Pros and Cons
The strivers and schemers and wankers and winners of John Lanchester’s Capital.
On the corner of Pepys Road lives a Muslim family, the Kamals, who run the shop downstairs. Their plot developments are Lanchester’s hoariest, but his writing about them is his finest. It’s a mix of fine-grained, reportorial detail, and vivid, imaginative projection into the minds of characters who in a lesser writer’s hands could become clichés. The three brothers, Ahmed, Usman, and Shahid, are each very different and constantly on each other’s nerves; all of them are united in terror of their mother, whose visit in the second half of the book is a masterful comic set piece; and at the center of it is Rohinka, whose marriage to Ahmed was arranged in Pakistan but who nevertheless has grown to love her irritable, slouching husband. Late in the book, during Mrs. Kamal’s torturous visit, Lanchester gives Rohinka a scene that perfectly captures the despond that can come over a parent at 5 in the morning when a child simply will not go back to sleep, and she realizes her ledger for the day is already in the red:
Rohinka sighed. She hated the feeling of being already tired from the day’s events, right at its very start, before the real day had even begun, but she pointed to Fatima’s favourite stool. “Ten minutes, then back to bed,” Rohinka said. “Or you’ll be too tired to go to school.” Then, when her daughter hopped up and down, clapping with delight at being allowed to stay with her, she felt guilty.
Photograph by Coll McDonnell.
Capital views London mostly through the wrong end of a telescope, its field of vision narrowed to Pepys Road and the people who spend time there, presenting the city in microcosm. Only once does Lanchester provide us with a panoramic view of the city, and it’s notable that it’s Zbigniew who gets it, way up in the London Eye trying to impress a date. Of all the characters in the novel it’s Zbigniew who is least at home in this city, constantly comparing it unfavorably to the Poland he once left and plans to return to as soon as he’s got enough capital to go into business with his dad. (Even in its shitty weather London can’t compare: “It was raining but not cold in a serious Polish way.”) Zbigniew, who with his friends is forever disregarding “the London interludes of their lives” in favor of the “real Polish lives” they’ll soon be living, finds himself fascinated by the whole of the city stretching out to the horizon, its physical aspect, its shape: “big and low in the middle, with a higher edge in both directions, like a gigantic saucer.”
London might get its hooks into Zbigniew by the end, even as it might lose hold of other characters in this big, funny, sure-footed novel. (Even Roger, quintessential City man, finds himself dreaming of running off to a tropical paradise and opening up a beach shack where he’d grill fish. After all, “everyone had always said his barbecues were brilliant.”)
Capital takes as its milieu the beginning days of the current recession—Roger smiles when reading of the collapse of Lehman Bros., thinking, “Nice to know he wasn’t the only one having a super-shit day”—but it’s less interested in providing a bird’s-eye view of our new era than in tracking how the boom and onrushing bust affect his individual characters. Still, his ledgers and tallies suggest a warning of sorts about what’s worth keeping from pre-crash society: Lanchester seems to prize the city as a home for the exceptional, while feeling that in the end its ground-level industriousness—“Real work never left you feeling worse,” Zbigniew points out—is what’s of real value. It’s a slightly cozy moral for such a sprawling book.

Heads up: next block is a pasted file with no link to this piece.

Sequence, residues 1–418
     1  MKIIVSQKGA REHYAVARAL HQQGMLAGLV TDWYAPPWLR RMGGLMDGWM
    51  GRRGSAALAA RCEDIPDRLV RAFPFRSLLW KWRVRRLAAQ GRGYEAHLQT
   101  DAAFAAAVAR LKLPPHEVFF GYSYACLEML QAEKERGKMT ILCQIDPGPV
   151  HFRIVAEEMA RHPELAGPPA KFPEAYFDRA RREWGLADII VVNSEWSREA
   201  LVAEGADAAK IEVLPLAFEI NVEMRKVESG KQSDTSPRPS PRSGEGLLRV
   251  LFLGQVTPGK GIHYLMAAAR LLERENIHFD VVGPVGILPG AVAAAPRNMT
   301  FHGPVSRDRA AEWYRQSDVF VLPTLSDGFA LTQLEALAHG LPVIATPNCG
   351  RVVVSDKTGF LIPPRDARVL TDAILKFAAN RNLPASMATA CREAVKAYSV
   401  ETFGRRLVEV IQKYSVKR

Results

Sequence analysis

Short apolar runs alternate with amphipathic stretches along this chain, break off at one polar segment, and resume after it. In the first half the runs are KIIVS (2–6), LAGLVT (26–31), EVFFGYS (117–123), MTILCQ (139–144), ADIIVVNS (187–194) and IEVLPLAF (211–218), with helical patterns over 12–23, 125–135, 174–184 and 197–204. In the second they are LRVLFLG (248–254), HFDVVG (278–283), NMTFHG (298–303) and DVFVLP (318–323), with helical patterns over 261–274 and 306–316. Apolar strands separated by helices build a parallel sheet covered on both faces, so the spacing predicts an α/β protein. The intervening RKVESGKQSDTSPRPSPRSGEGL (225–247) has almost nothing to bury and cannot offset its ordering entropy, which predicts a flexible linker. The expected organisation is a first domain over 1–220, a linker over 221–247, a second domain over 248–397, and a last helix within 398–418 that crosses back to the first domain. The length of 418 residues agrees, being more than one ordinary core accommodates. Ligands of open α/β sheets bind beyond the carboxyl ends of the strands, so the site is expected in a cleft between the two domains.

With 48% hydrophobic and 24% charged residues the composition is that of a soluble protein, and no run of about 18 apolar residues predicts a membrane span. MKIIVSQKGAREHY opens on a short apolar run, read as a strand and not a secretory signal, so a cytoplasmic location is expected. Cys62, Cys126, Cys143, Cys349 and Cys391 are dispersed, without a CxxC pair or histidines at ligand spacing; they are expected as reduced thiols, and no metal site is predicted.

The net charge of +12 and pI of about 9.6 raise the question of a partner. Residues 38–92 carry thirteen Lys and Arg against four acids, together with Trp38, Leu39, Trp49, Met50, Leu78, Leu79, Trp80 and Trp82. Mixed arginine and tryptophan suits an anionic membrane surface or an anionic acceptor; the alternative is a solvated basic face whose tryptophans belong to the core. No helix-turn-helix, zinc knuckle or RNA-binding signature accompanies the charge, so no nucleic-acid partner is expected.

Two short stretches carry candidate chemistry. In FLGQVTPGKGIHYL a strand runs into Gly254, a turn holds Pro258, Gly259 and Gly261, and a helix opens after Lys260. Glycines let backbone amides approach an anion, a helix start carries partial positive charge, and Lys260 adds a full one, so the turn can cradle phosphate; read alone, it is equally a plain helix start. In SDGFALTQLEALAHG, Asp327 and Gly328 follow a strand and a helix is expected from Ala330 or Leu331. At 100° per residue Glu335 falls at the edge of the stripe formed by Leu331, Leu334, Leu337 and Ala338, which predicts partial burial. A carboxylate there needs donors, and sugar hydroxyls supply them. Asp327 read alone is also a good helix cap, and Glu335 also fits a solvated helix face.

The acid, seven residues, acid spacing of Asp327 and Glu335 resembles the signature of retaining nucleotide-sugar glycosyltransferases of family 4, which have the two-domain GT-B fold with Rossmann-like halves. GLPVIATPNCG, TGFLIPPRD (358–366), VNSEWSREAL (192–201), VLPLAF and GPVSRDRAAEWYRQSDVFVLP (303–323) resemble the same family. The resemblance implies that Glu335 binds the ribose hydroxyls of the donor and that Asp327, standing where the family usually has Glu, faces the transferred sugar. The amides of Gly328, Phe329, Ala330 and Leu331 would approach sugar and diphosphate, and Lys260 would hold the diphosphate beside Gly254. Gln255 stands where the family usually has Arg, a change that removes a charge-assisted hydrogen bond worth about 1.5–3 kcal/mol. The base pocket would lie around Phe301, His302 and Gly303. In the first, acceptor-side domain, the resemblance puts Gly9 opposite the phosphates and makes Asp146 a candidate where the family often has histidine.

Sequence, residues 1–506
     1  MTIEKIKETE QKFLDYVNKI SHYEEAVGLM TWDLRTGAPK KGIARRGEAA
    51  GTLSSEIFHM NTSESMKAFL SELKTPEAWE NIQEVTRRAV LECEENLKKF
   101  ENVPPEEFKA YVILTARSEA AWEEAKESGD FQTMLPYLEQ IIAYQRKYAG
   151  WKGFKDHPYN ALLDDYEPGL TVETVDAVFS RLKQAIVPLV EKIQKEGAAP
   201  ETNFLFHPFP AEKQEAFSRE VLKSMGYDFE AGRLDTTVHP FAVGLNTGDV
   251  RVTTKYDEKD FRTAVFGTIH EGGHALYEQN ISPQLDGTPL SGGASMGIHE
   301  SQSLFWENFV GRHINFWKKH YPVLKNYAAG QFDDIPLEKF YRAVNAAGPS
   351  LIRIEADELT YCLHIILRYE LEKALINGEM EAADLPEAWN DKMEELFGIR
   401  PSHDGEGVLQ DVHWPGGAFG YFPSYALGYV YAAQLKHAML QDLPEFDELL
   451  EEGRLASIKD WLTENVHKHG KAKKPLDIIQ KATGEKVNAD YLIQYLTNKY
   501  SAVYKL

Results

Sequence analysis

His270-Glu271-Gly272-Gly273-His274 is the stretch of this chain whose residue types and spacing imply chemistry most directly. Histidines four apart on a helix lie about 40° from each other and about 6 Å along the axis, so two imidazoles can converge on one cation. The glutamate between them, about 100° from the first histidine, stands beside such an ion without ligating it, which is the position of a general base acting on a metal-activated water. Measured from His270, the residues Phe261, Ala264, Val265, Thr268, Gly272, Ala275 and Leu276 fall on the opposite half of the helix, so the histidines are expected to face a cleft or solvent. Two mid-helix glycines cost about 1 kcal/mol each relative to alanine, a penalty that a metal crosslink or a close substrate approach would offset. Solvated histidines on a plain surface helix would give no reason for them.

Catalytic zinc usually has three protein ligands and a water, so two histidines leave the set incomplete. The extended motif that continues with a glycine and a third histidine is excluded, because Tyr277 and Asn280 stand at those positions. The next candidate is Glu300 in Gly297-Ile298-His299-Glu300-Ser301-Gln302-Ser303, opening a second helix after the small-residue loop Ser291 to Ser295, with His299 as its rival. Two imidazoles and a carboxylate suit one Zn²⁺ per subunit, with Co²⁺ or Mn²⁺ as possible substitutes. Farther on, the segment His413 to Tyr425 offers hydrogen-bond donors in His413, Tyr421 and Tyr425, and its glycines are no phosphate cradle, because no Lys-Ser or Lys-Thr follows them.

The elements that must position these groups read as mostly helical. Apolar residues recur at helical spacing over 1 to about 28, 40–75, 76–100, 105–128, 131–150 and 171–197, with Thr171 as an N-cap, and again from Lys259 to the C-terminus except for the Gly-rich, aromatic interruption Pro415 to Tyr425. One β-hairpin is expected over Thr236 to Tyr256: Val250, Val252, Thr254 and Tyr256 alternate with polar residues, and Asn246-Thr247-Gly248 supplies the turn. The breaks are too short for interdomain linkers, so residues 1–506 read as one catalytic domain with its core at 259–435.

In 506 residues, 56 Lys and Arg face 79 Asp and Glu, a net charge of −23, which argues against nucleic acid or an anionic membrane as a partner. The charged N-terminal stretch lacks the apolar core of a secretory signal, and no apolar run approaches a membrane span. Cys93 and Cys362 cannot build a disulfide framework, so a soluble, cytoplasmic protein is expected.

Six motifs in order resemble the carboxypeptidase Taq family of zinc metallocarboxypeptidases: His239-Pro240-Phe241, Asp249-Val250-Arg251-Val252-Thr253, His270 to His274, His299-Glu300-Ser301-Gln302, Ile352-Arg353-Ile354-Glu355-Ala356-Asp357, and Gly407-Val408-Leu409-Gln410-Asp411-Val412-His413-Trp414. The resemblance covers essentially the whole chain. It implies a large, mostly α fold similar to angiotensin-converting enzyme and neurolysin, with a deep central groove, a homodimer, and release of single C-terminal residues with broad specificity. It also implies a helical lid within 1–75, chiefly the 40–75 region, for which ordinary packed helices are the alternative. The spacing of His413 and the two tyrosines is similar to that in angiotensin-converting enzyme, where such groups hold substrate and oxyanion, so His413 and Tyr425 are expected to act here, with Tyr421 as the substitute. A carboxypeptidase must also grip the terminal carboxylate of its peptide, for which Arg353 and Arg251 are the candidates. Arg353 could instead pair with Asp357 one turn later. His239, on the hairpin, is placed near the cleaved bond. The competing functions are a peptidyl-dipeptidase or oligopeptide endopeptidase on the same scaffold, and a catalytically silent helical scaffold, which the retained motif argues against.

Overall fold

But for all his ambition, Lanchester seems modest about the novel’s ability to encompass a place as unruly as London or its teeming multitudes; very late in the book, a character whom I once disliked but grew to love despairs of the novels available in the detention center where the character waits for deportation. Lanchester writes that the detainee couldn’t
see the point of anything that was made up. Makela said that books helped her to escape, but that didn’t make any sense. A book couldn’t get you out of the detention centre, or land like a helicopter and carry you off, or magically turn into a UK passport which gave you the right of residency. Escape was very precisely, very specifically what a book couldn’t help you do. Not in any literal sense.
Capital never quite turns into that helicopter, carrying the reader off; its short chapters balk the plot’s forward motion, and Lanchester isn’t particularly interested in bringing his broad cast of characters together for some great cataclysm at the end. That’s not how it works in the city, where we’re all living our own lives, lives which only occasionally, haphazardly intersect with everyone else’s. But in the end I wasn’t bothered by the book’s fitful momentum, because I thought of it less as a novel than as a series of diary entries by thoughtful characters whose lives, together, gave me a picture of contemporary London—a city of ambition, of shocking inequities, of grave crimes and foolish misdemeanors, a city that Samuel Pepys would barely recognize but nevertheless one in which he, striver and scrapper that he was, would do quite well for himself indeed.
Capital by John Lanchester. Norton.
Dan Kois is a senior editor at Slate and a contributing writer to the New York Times Magazine.